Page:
I live in Ontario but I'm in British Columbia temporarily for work and am driving a rental car. I was issued a $135 speeding ticket for going 84 km/h in a 50 km/h zone. Will this offence and the demerits be added to my Ontario driving record? – Cheryl
If you'd been caught speeding in most any other province or territory, you'd be getting demerits on your Ontario licence.
But what happens in British Columbia, stays in British Columbia.
"B.C. offences by out-of-province drivers are not shared with other jurisdictions," Lindsay Olsen, spokeswoman for Insurance Corp. of British Columbia, said in an e-mail.
The Canadian Driver Licence Compact (CDLC) is a 1990 agreement to share driving records between the provinces and territories.
Everyone signed it – except B.C., Quebec and Nunavut.
So, in British Columbia, that means out-of-province drivers won't have B.C. tickets added to their driving records – and vice versa. "If a B.C. driver were to receive a violation ticket – for example, a speeding ticket – outside of our province, it would not be added to their driving record in B.C.," Olsen said.
The exception? Criminal Code convictions, including impaired driving, appear on all provincial and territorial driving records "… so it would be added to a driver's record in B.C., no matter where in Canada the offence occurred," Olsen said.
Share and share alike?
But in most other province, offences away from home will get added to your driving record, the same as if they'd happened at home.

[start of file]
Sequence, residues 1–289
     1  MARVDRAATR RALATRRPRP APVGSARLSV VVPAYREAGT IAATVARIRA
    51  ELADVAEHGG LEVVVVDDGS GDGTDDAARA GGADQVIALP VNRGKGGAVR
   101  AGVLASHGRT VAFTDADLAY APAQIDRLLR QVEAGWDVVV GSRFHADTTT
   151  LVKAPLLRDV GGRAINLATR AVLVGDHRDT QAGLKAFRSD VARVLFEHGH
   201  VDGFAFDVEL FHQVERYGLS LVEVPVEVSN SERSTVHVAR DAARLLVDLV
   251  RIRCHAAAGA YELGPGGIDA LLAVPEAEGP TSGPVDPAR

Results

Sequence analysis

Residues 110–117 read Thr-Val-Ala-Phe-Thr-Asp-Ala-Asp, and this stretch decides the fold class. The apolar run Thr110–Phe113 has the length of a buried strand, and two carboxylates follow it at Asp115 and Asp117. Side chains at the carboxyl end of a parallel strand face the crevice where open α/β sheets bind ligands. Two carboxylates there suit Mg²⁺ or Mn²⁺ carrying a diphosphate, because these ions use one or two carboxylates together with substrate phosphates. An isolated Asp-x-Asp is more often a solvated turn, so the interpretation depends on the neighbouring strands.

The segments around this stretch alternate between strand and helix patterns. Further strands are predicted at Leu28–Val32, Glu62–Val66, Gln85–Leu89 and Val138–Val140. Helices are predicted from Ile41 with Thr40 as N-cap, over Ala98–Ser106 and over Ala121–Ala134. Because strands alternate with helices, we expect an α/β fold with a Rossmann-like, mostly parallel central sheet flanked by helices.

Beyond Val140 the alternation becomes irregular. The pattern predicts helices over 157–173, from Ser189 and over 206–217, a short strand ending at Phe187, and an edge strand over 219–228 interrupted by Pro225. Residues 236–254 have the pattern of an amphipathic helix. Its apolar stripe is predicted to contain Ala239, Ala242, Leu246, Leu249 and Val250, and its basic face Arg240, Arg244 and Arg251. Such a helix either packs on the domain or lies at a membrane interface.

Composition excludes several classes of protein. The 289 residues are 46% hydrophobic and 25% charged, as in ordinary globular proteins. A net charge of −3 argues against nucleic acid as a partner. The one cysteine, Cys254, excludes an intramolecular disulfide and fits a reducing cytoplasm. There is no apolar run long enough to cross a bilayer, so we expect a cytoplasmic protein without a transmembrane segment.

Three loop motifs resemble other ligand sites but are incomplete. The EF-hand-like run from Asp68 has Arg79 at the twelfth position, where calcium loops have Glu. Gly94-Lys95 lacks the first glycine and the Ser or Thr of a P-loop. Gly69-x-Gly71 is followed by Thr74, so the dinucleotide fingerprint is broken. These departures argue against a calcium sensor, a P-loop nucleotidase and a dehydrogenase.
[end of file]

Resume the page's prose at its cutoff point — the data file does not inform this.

For example, if you live in Ontario and get a speeding ticket in Saskatchewan, you'd get the equivalent number of demerits added to your licence. And the reverse is true.
"Saskatchewan belongs to [the CDLC] where the guiding principle is one driver, one driver's licence and one driver record," said Tyler McMurchy, spokesman for Saskatchewan Government Insurance, in an e-mail. "This agreement furthers highway safety by treating similar convictions and administrative sanctions that occurred in one province as if they had occurred in the driver's home province."
That includes demerits. Demerits are strikes against your driving record – if you get too many, your licence will be suspended. The rules for how out-of-province demerits are applied vary by province.
According to the Ontario Ministry of Transportation , only demerits from certain out-of-province offences – including speeding, failure to obey a stop sign or signal, and failure to stop for a school bus – will get added to your Ontario licence.
But that doesn't mean an Ontario driver's record will stay unscathed if they're caught speeding in Quebec.
Quebec and Ontario have their own reciprocal record-sharing agreement, which means that all offences – and demerits – will be shared between the two provinces.
Outside of the CDLC, some provinces have their own agreements with American states. Ontario has agreements with New York and Michigan, while Quebec has agreements with Maine and New York.
If you don't pay
And if you don't pay your out-of-province speeding ticket?
It varies. In British Columbia, the province can get a collection agency to go after out-of-province drivers for the unpaid fine, Olsen said.
Provinces also have the ability to go through the Canada Revenue Agency and take the amount owing from GST rebates and income tax refunds, McMurchy said.
Even when driving records are shared between jurisdictions, your home province can't prevent you from renewing your driver's licence or registration for an unpaid ticket from another province, the way it would for an unpaid ticket at home. But, if you go back to a province where you have unpaid tickets, you could get pulled over.
"In Ontario, MTO does not have the authority to force the driver to pay an out-of-province ticket," said Brian Smiley, spokesman for Manitoba Public Insurance. "If the driver returns to Manitoba, Manitoba does not have the authority to suspend the out-of-province driver – but the driver could be detained by police."
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